As a musician, entrepreneur, and educator, Moldover's name is practically synonymous with "controllerism", a movement around designing creative and expressive interfaces for electronic music performance. With a new course for macProVideo and an album in the works, we caught up with Moldover about his software, controllers, and playing two recorders with one's nostrils.
What instruments did you start making music with?
I think I was the most serious player in my entire elementary school recorder ensemble. I could play two different parts of Ode to Joy with two recorders, one in each my nostrils. They wouldn't let me do that at concerts though.
What does “controllerism” mean to you? Are there any particular styles of music that lend themselves more to controllerism?
Controllerism is simple. It's about making music with new technology. Right now controllers are where it's at, and so that's the name for the movement. Button-pushers, finger drummers, digital DJs, live loopers, augmented instrumentalists; we're all controllerists. The beautiful thing is that it's still new, it's still raw, and it's not about this or that style. It's about musical freedom.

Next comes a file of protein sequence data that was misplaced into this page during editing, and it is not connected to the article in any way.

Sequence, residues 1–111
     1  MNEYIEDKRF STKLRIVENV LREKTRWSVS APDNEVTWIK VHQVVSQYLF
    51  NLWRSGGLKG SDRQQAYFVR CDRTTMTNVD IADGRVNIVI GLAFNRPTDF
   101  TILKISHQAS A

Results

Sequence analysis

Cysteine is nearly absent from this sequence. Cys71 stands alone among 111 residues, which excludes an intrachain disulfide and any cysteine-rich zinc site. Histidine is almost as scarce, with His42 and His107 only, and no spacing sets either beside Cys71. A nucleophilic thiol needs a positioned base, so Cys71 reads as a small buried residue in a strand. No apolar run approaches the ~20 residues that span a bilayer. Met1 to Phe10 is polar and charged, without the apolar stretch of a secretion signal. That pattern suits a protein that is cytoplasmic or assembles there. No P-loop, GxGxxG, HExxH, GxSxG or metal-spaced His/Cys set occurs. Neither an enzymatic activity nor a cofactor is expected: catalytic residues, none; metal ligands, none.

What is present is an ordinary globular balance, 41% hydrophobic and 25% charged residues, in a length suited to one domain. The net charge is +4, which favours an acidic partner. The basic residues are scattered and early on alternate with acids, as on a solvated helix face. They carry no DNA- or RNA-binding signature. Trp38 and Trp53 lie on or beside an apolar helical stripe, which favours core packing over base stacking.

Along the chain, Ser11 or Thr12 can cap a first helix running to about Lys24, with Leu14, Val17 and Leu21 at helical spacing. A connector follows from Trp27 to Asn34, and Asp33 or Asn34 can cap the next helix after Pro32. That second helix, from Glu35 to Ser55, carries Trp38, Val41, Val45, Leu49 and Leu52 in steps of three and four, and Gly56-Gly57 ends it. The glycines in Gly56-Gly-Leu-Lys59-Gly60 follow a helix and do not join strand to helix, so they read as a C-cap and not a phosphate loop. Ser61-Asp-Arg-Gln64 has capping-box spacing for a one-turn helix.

What are your thoughts on how Controllerism has evolved?
My views of controllerism haven't changed much, but the world around me is certainly different. I played my first set as a solo controllerist at Burning Man in 2003 and had the best time of my entire life. I knew I had experienced a piece of the future of music, and I made it my goal to share that with the world. I started hacking together different controllers and software, throwing underground parties, and making my own internet videos to spread the idea. Fast forward to today, and you can stroll into any music store and buy a phenomenal controller with seamless software integration. The parties aren't underground anymore, but they're widespread and big enough to support touring artists. Nowadays I collaborate with companies to make videos, and instead of thousands, they get millions of hits. Despite the changes around me my goal is still to musically open minds, any way I can. As long as controllerism helps me to that, I'm honored to be a part of it.
Below: Moldover demonstrates his workflow in writing and arranging Clips in Live: